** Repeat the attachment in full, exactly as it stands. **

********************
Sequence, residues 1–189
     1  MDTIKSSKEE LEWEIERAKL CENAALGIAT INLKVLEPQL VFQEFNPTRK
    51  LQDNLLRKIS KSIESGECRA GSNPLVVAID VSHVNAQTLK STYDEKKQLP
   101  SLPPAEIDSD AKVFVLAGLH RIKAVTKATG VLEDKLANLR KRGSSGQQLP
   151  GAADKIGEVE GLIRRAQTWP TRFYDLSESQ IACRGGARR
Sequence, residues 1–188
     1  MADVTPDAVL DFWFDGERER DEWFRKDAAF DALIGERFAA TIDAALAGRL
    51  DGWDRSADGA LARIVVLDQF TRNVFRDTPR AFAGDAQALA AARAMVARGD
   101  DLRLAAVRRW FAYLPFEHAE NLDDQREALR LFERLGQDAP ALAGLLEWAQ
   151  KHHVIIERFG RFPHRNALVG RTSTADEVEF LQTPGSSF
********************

Sequence, residues 1–189
     1  MDTIKSSKEE LEWEIERAKL CENAALGIAT INLKVLEPQL VFQEFNPTRK
    51  LQDNLLRKIS KSIESGECRA GSNPLVVAID VSHVNAQTLK STYDEKKQLP
   101  SLPPAEIDSD AKVFVLAGLH RIKAVTKATG VLEDKLANLR KRGSSGQQLP
   151  GAADKIGEVE GLIRRAQTWP TRFYDLSESQ IACRGGARR
Sequence, residues 1–188
     1  MADVTPDAVL DFWFDGERER DEWFRKDAAF DALIGERFAA TIDAALAGRL
    51  DGWDRSADGA LARIVVLDQF TRNVFRDTPR AFAGDAQALA AARAMVARGD
   101  DLRLAAVRRW FAYLPFEHAE NLDDQREALR LFERLGQDAP ALAGLLEWAQ
   151  KHHVIIERFG RFPHRNALVG RTSTADEVEF LQTPGSSF